It was in 2017, when Stuart Sobek was attending the Pebble Beach Concours d’Elegance for the 30th time in his 57 years, that the light bulb glowed brightly.
“We have everything in Las Vegas,” he realized. “Professional ice hockey, the (Oakland) Raiders are coming, women’s basketball and Triple-A professional baseball. Why not a world-class concours d’elegance in my town?”
After growing up in the San Diego area, where he became a Navy contractor, and after moving to the San Francisco Bay area and working in commercial real estate, Las Vegas had been Sobek’s town for only a couple of years. But he was determined to add a world-class concours to the menu of Las Vegas attractions and the “inaugural” Las Vegas Concours d’Elegance is scheduled to take place October 25-29.
We put “inaugural” within quote marks because there have been at least two other Las Vegas concours staged in recent decades. My recollection is that one lasted two years, twice as long as the other.
But neither of them had Stuart Sobek’s commitment to the cause, a commitment that has had him pretty much living on the road for the past two years, visiting concours and car shows and car collections on multiple continents to assure that this concours, his concours, won’t be a one-hit wonder.
Nor will it be a one-day event, just a fancy car show on a golf course fairway.
The concours weekend begins with an opening night gala at the spectacular, Frank Gehry-designed Keep Memory Alive Event Center, where Wolfgang Puck will serve as chef and where the first Helene Awards will be presented to those who have made a significant contribution to the automobile and the collector car hobby. (More on Helene momentarily.)
The concours will be staged Saturday, the 26th, on not one but two fairways of the DragonRidge Country Club at MacDonald Highlands, a golf course in Henderson, up on the slope of Black Mountain and thus offering a sky-high overview of The Strip.
Two more Helene Awards will be presented at the conclusion of the concours, to the Best of Show-winning car owners, one in the post-war category and the other for a pre-war vehicle.
The concours already has announced the first three Helene winners — photographer Michael Furman, the Art Center College of Design (one of the concours’ beneficiaries), and to Sheri Goldstrom, a tireless supporter of charitable causes and manager of a family owned Las Vegas car collection and museum.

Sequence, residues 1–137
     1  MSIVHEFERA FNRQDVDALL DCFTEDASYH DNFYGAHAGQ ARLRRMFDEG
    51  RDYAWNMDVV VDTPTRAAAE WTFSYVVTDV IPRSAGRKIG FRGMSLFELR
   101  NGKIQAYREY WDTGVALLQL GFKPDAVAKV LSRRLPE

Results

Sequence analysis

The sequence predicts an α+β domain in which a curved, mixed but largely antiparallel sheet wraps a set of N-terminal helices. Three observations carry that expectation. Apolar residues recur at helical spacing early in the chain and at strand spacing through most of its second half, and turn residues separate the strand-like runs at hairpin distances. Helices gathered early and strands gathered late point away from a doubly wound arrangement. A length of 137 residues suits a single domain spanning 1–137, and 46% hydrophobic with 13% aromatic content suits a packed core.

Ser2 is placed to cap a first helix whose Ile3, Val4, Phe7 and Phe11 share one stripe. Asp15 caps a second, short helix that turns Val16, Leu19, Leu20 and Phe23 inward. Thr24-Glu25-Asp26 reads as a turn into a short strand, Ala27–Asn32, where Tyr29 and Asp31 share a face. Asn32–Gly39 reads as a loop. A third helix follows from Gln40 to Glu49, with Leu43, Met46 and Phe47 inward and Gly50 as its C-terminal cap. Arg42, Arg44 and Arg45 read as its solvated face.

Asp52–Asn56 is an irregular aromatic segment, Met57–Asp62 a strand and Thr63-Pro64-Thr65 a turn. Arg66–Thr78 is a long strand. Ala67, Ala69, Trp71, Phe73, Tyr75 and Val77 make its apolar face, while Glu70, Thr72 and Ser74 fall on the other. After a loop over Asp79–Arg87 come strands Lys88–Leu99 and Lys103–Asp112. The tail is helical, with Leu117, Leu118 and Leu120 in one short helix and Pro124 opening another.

The awards are named for Helene Rother Ackernecht, who fled Germany before World War II and immigrated with her daughter to the United States from France in 1941. An artist and textile and jewelry designer, Ackernecht was doing illustrations for Marvel Comics when Harley Earl hired her as the first woman to be part of his team at General Motors design studio.
Sobek notes that Ackernecht was the first woman to address a meeting of the Society of Automotive Engineers, telling them they needed to pay attention to women as decision makers who, she said, make 80 percent of family decisions and control 120 percent of the money.
As for the concours, it will offer many of the usual classes, such as European Classics: Pre War and American Post War (1948-1970), but also some more unusual — and appealing — groupings: two classes of Chevrolet Corvettes, an American pony/muscle car class, significant racing cars, a class for cars that were popular during Las Vegas’ “Rat Pack” era, a class comprised of local resto-mods and another for cars owned by the residents of the multi-million-dollar homes around the DragonRidge golf course, as well as a class for Sobek’s beloved Dodge Vipers — in a variety of “candy colors” — and a class of “Future Collectibles.”
In a twist on the usual golf-course display, the cars will share the 10th and 18th fairways with $40 million worth of sculpture by Richard MacDonald. Another twist will be the fact that five of the homes along the golf course will offer open-house, walk-through tours.
Sobek said securing a world-class field of cars turned out to be easier than expected.
“It’s because of Las Vegas,” he said. “People can see the potential here. In effect, this will be a pop-up museum.”
And the concours awards presentation only marks the midway point of the event.
“A lot of concours have a drive and that’s always been my favorite element,” Sobek said. “I love that part. For me, that was a natural.”
So, from 10 a.m. until noon on Sunday, October 27, concours cars will cruise the Las Vegas Strip, which will otherwise be closed to traffic.
And on Monday the 28th, concours participants will be back at DragonRidge for a celebrity golf tournament.
“We’re Vegas and we have opportunities,” he said, noting an ability to include celebrities in the gala and the golf outing. And, regarding the golf event, he added, “I thought it would be fun to do something different, to go back to the course a couple days later and to see the (golf) course that way.”